At SLJ's "Day of Dialog" this week, I was part of a panel about so-called "tweens" - who they are, how we can serve them as librarians, and why and how we write books for them. (By the way, "tweens" is a word I don't much like, now that I know it was invented by the advertising industry to identify a new target group.)
Our moderator, Vicky Smith of Kirkus, and my terrific co-panelists, authors Gennifer Choldenko, Tim Green, Robie Harris, and the children's librarian Lisa von Drasek, gave me much to think about. At one point Lisa nudged me and showed me a poem by Billy Collins that she'd marked in a book. It's wonderfully true (in my experience), and I thought I'd share it here.
On Turning Ten
The whole idea of it makes me feel like I'm coming down with something, something worse than any stomach ache or the headaches I get from reading in bad light-- a kind of measles of the spirit, a mumps of the psyche, a disfiguring chicken pox of the soul.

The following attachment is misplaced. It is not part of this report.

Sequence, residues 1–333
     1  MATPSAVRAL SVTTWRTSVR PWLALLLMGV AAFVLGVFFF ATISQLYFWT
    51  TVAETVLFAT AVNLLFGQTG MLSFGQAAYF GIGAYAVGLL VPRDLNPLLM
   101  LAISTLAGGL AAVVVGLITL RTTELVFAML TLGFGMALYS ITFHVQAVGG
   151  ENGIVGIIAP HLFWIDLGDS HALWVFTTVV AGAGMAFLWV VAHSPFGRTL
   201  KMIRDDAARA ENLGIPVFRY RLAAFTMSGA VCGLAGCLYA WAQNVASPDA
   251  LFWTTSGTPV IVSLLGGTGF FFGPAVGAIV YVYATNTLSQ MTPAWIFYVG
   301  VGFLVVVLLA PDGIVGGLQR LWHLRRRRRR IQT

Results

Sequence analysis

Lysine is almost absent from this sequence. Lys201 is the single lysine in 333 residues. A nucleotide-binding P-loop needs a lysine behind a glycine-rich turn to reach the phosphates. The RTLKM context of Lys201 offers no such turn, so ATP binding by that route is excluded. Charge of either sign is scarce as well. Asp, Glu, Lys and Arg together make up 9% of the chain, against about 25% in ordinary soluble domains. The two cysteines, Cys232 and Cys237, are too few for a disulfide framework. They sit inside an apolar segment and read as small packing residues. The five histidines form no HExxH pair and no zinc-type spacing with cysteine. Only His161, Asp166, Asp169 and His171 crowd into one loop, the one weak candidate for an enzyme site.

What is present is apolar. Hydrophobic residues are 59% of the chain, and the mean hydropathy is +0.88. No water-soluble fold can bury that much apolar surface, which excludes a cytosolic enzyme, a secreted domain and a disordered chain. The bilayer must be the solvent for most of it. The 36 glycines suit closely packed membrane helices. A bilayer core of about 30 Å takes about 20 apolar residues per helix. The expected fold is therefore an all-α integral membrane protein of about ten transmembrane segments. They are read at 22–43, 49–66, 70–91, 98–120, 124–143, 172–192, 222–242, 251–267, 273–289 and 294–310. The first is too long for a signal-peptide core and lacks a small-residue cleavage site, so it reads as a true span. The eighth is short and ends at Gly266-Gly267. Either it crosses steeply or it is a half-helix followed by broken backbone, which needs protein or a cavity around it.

You tell me it is too early to be looking back, but that is because you have forgotten the perfect simplicity of being one and the beautiful complexity introduced by two. But I can lie on my bed and remember every digit. At four I was an Arabian wizard. I could make myself invisible by drinking a glass of milk a certain way. At seven I was a soldier, at nine a prince.
But now I am mostly at the window watching the late afternoon light. Back then it never fell so solemnly against the side of my tree house, and my bicycle never leaned against the garage as it does today, all the dark blue speed drained out of it.
This is the beginning of sadness, I say to myself, as I walk through the universe in my sneakers. It is time to say good-bye to my imaginary friends, time to turn the first big number.
It seems only yesterday I used to believe there was nothing under my skin but light. If you cut me I could shine. But now when I fall upon the sidewalks of life, I skin my knees. I bleed.